We have peaked in terms of temperatures, and as we head into the weekend we will go from record highs to well below average. A back door low pressure center is very slowly dropping down out of central Canada, and will brush by the northeastern corner of Nevada late Saturday. High temperatures will drop to the mid-60s on Friday (with mostly sunny skies) to the mid-50s on Saturday (with partly cloudy skies) before falling to the mid-40s with a slight chance of a snow shower on Sunday. Unfortunately, the storm system doesn’t have much moisture, and that pathway is rarely known for producing much if any mountain snow.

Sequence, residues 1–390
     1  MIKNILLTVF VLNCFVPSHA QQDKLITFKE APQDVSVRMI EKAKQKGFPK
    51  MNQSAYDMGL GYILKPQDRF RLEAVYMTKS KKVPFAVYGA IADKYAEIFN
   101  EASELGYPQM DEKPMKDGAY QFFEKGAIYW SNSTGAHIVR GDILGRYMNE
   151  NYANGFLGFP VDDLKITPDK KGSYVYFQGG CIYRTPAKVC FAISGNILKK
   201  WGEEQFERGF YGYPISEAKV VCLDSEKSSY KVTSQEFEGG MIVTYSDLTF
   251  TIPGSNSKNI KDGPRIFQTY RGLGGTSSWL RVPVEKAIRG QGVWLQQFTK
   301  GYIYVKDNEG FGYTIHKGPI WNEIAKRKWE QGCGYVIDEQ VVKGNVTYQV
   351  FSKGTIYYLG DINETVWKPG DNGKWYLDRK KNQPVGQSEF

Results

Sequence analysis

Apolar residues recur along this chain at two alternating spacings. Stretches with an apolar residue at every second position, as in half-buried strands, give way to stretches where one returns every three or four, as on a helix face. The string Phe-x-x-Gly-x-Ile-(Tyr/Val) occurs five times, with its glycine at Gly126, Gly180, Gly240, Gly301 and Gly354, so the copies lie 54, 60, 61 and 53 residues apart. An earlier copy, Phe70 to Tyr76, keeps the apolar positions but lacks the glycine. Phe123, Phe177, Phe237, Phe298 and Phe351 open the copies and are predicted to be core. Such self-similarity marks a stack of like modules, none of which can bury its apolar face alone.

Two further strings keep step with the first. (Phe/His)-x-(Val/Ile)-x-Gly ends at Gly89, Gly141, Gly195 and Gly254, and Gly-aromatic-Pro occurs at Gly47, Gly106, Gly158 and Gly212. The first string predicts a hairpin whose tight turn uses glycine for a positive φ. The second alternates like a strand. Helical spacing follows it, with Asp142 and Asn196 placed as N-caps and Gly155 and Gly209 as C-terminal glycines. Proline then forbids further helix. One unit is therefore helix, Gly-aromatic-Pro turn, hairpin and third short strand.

Here’s how landmasses can affect jet streams. Land receives and releases heat from the sun more rapidly than the oceans do, and therefore the vertical convective air currents (called Hadley, Ferrel and Polar Cells) which on a large scale help form somewhat stable weather patterns will have differing strengths over the oceans versus over continents. If your eyes are beginning to glaze over by all of this, suffice it to say that the continents can have an effect on the positioning of large scale persistent weather patterns, which also help determine the strength and position of the jet streams. But in terms of direct interaction between land and jet streams, there’s very little. Since the jet stream is usually found above 25,000’ of elevation, you’d have to get to the Himalayas before the land has any real touch on the jet.